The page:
Representing Meaning with a Combination of Logical and Distributional Models
NLP tasks differ in the semantic information they require, and at this time no single se- mantic representation fulfills all requirements. Logic-based representations characterize sentence structure, but do not capture the graded aspect of meaning. Distributional models give graded similarity ratings for words and phrases, but do not capture sentence structure in the same detail as logic-based approaches. So it has been argued that the two are complementary. We adopt a hybrid approach that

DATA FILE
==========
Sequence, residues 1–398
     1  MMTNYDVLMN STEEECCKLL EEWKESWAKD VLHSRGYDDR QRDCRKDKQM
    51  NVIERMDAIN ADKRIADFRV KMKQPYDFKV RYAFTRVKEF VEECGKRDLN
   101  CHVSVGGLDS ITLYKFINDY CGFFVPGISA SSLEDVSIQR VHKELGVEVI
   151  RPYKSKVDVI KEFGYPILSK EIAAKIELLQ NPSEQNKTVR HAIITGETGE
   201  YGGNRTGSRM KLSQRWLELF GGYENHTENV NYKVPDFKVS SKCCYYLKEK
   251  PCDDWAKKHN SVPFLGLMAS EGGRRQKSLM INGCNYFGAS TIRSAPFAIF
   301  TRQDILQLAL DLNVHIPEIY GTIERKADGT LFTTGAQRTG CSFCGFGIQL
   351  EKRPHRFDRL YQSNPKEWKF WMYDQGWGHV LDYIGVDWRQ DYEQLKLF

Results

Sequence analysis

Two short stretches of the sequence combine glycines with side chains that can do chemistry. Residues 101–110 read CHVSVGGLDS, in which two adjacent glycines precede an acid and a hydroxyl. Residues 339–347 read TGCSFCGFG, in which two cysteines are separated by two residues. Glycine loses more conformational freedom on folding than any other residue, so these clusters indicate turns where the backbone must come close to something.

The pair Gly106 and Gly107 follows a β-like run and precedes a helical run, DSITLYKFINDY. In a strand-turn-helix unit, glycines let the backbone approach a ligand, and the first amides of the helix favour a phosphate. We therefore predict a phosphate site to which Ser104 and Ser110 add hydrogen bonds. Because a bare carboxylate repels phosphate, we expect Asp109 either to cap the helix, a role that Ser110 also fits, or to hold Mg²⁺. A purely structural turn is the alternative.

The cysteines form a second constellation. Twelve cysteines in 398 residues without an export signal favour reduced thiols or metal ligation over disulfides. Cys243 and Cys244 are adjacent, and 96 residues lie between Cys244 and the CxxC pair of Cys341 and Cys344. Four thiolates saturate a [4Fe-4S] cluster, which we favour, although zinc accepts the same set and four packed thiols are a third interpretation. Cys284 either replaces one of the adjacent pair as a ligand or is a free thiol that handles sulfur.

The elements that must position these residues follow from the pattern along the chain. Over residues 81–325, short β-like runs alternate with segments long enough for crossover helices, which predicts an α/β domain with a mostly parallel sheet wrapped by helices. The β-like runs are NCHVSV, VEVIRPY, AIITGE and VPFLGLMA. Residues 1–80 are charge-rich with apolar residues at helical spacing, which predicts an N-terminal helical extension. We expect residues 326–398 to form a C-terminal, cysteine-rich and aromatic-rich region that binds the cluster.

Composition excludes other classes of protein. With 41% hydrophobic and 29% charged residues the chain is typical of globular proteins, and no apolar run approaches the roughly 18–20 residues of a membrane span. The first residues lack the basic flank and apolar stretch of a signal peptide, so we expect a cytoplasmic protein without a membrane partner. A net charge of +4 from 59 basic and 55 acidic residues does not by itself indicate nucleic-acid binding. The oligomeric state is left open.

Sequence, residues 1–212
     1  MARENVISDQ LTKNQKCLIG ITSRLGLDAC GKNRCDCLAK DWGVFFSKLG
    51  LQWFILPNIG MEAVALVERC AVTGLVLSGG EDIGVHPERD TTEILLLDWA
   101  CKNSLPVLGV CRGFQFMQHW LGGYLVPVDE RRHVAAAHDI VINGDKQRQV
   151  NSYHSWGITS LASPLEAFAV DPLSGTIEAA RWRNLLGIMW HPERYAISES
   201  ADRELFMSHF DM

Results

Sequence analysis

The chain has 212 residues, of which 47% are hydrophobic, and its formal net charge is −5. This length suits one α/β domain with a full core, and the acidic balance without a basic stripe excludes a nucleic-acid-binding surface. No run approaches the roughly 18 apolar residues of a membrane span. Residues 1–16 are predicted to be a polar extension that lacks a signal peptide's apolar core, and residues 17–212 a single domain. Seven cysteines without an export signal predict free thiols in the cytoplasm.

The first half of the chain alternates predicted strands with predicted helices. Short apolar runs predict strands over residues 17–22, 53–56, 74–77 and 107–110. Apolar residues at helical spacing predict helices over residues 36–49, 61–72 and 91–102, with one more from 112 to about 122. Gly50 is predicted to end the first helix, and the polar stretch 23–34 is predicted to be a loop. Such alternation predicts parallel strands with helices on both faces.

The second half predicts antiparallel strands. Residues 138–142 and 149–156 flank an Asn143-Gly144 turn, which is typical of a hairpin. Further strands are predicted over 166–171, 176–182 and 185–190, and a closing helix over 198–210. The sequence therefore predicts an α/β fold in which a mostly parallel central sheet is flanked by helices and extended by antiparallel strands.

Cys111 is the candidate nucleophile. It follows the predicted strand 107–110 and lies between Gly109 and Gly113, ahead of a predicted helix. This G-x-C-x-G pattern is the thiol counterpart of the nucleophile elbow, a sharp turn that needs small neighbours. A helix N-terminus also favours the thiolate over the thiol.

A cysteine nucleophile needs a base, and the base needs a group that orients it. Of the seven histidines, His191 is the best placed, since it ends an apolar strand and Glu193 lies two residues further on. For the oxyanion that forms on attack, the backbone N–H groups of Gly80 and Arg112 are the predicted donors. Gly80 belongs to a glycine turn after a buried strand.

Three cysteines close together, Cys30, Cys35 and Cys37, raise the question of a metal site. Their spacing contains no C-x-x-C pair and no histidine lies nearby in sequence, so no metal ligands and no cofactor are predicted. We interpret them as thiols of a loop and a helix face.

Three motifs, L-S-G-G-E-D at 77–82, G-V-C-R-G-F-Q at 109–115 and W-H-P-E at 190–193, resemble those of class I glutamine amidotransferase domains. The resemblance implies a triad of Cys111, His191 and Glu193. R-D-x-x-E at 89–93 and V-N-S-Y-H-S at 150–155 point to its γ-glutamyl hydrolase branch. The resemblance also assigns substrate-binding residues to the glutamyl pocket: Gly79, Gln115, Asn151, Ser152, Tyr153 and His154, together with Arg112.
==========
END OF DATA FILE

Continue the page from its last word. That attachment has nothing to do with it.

... nes logic-based and distributional semantics through probabilistic logic inference in Markov Logic Networks (MLNs). In this paper, we focus on the three components of a practical system integrating logical and distributional models: 1) Parsing and task representation is the logic-based part where input problems are represented in probabilistic logic. This is quite different from representing them in standard first-order logic. 2) For knowledge base construction we form weighted inference rules. We integrate and compare distributional information with other sources, notably WordNet and an existing paraphrase collection. In particular, we use our system to evaluate distributional lexical entailment approaches. We use a variant of Robinson resolution to determine the necessary inference rules. More sources can easily be added by mapping them to logical rules; our system learns a resource-specific weight that corrects for scaling differences between resources. 3) In discussing probabilistic inference, we show how to solve the inference problems efficiently. To evaluate our approach, we use the task of textual entailment (RTE), which can utilize the strengths of both logic-based and distributional representations. In particular we focus on the SICK dataset, where we achieve state-of-the-art results.